Chesterton Tribune

Early detection essential for survival of ovarian cancer

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September is Ovarian Cancer Awareness Month and John Hayduk, whose wife Patti died in November of 2003, at the age of 49, urges women to become aware and seek diagnosis and treatment for early symptoms of ovarian cancer.

Ovarian cancer is the fifth leading cause of cancer deaths among women overall after lung, breast, colorectal and pancreatic. Every year, nearly 23,000 women in the United States are diagnosed with ovarian cancer and over 14,000 women die of the disease. This high fatality rate is primarily due to late detection.

The five-year survival rate for early-stage (I-II) ovarian cancer is 80%, compared with a 25% five-year survival rate for advanced stage (III-IV) ovarian cancer, so early detection is essential.

Particular symptom patterns, while sometimes found to be related to other medical conditions, may provide clues for the presence of ovarian cancer.

Women should notice if one or more of these symptoms persist beyond three weeks: vaginal bleeding or discharge; urinary urgency, burning or spasms; abdominal or pelvic pain or pressure; abdominal swelling or bloating; gas, indigestion, nausea or changes in bowel habits.

A recent study, posted June 9, 2004 at -- a site sponsored by the Marsha Rivkin Center for Cancer Research, suggests a link between these symptoms and ovarian cancer.

The survey found that symptoms most common in women who turned out to have ovarian cancer were bloating, increased abdominal size, fatigue, urinary urgency, abdominal pain and pelvic pain. Though these symptoms affect most or all women at one time or another, and are by no means an automatic diagnosis, women who turned out to have ovarian cancer had a significantly greater number of symptoms which occurred with greater frequency.

“Women should listen to their bodies and discuss concerns with their health-care providers,” said Dr. Barbara Goff, University of Washington professor of obstetrics and gynecology and lead author of a paper about the findings published in the journal of the American Medical Association.

The study found that 80 to 90 percent of women with early-stage ovarian cancer reported symptoms for several months prior to diagnosis.

Hayduk offers the additional advice that women take very seriously any of these symptoms which persist more than three weeks, seek medical assistance and “never allow yourself to be put off by any health professional who suggests that these serious symptoms may ‘merely’ indicate the presence of an ulcer, IBS (Irritable Bowel Syndrome), IBD (Irritable Bowel Disease), menopause or other condition.

“Often women have an early sense that something is wrong,” Hayduk said, but are reassured by their doctor’s diagnosis of some other problem without ever checking for ovarian cancer. Patti was terrified by her early symptoms, which seemed to be a H. pylori ulcer. She also experienced intense shoulder pain, which, it was later revealed, may have been referred pain from the ovarian tumor. “They just couldn’t pin it down,” Hayduk said. By the time Patti’s ovarian cancer was diagnosed she had just eight months to live.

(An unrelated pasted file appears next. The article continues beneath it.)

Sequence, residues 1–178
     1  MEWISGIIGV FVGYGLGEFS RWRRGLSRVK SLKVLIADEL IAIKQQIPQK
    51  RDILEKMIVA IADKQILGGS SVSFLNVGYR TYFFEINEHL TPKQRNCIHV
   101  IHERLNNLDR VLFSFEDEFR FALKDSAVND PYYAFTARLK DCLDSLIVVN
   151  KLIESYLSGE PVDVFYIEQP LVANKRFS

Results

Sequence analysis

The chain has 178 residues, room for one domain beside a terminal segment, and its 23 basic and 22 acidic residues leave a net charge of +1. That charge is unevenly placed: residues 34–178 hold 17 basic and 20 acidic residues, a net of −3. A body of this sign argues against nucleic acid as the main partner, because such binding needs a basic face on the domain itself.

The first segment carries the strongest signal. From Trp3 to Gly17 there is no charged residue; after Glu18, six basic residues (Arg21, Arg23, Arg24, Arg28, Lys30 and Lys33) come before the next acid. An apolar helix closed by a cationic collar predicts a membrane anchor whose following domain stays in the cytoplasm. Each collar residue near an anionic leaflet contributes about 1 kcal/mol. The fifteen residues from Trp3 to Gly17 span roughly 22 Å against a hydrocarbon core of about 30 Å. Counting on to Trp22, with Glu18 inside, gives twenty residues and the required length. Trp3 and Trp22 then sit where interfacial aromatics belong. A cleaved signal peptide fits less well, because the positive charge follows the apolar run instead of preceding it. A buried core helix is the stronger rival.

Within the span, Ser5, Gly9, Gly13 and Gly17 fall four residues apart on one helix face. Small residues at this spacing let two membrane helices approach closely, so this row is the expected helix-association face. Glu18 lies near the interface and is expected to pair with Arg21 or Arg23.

Women who are not satisfied with a diagnosis and feel their symptoms represent something else should persist in their inquiries, seek a second opinion and demand a trans-vaginal ultrasound and a CA-125 blood test at a large urban hospital such as Rush Medical Center, Northwestern Memorial Hospital or Bernard Mitchell Hospital in Chicago, urges Hayduk.

“You need to push for treatment and you need to push hard,” Hayduk added.

“If just one woman gets an early ultrasound and is caught at Stage II, Hallelujah,” Hayduk said. Difficult as it is to talk about, Hayduk feels Patti would want him to make the effort to draw extra attention to the issue so other women do not have to suffer as she did. The ovarian tumor which finally killed her made the last months and days of her life “just horrible,” Hayduk said.

The more publicity the better, Hayduk added. “I firmly believe that the publicity on breast cancer has helped reduce fatalities.”

Risk factors for ovarian cancer include a family history of ovarian or breast cancer, never bearing children, infertility, starting periods at a young age, menopause at an older-than-average age, Caucasian race, Jewish descent, diet high in fat.

Factors that lower the risk of ovarian cancer include the use of birth control pills, having several children, breast feeding, tubal ligation and ovary removal.

It is up to women to be aware of their bodies and possible changes in their reproductive area, then insist upon ovarian cancer diagnostic procedures as a first, rather than last, course of action. . .before it is too late.


For information, Hayduk recommends the ovarian cancer informational website,

The ribbon representing ovarian cancer awareness is the color teal.


Posted 9/17/2004